Tourette syndrome is a brain disorder that results in sudden and harsh body movements called tics. Tourette syndrome and tics have a vastly diverse level of symptoms that result in various body movements and severity. The stereotyped Tourette syndrome case is a person who cannot control their speaking or involuntarily yell. These are the most complex and very rare cases of Tourettes. Many cases that involve tics are fast repetitive body movements or vocal sounds like throat-clearing. The symptoms become more severe when the person is stressed or in an anxious situation. TS is diagnosed by doctors after signs of tics frequently over the course of a year. TS can be controlled, but many times stressful experiences often build up tics that need to be released to cope with the stress. There are effective treatments for TS, although many minimal cases do not require medication. Training and behavioral treatments are the best way to cope with TS. There continues to be research on the syndrome and effective ways to live with TS for young children and adults alike.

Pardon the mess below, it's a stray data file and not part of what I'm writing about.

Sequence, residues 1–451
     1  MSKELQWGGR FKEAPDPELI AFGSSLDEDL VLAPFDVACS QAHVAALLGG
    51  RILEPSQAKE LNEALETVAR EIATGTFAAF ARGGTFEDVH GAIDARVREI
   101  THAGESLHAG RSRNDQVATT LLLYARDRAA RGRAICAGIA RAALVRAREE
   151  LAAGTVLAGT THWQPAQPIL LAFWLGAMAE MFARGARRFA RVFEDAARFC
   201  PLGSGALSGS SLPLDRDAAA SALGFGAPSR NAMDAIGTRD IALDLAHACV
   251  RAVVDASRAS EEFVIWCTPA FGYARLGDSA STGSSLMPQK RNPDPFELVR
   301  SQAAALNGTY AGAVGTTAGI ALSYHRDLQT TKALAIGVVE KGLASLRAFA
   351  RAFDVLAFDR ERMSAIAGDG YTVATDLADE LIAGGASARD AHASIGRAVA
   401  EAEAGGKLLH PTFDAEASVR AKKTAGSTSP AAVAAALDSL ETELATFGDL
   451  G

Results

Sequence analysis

Cause: Brain disorder, genetic mutations, and environmental factors all attribute to the cause of Tourette syndrome.
Classification: Tourette syndrome is classified by Tics. These are sudden movements that repeat in various muscle groups.
Forms: There are various forms of severity and types of muscle movements of Tourette syndrome. Tourette syndrome is often associated with OCD and ADHD diagnoses.
Symptoms: The symptoms of tics can be classified as two types: Simple tics and Complex tics. Simple tics are random and involve a minimal amount of muscles. Complex tics are synchronized and repetitive movements of muscles.
Treatment: There is no cure for Tourette syndrome but there are numerous types of medications specific to ADHD and OCD that help with the symptoms of Tourette. Therapy is a strong tool for treatment including psychotherapy, behavior therapy, and deep brain stimulation.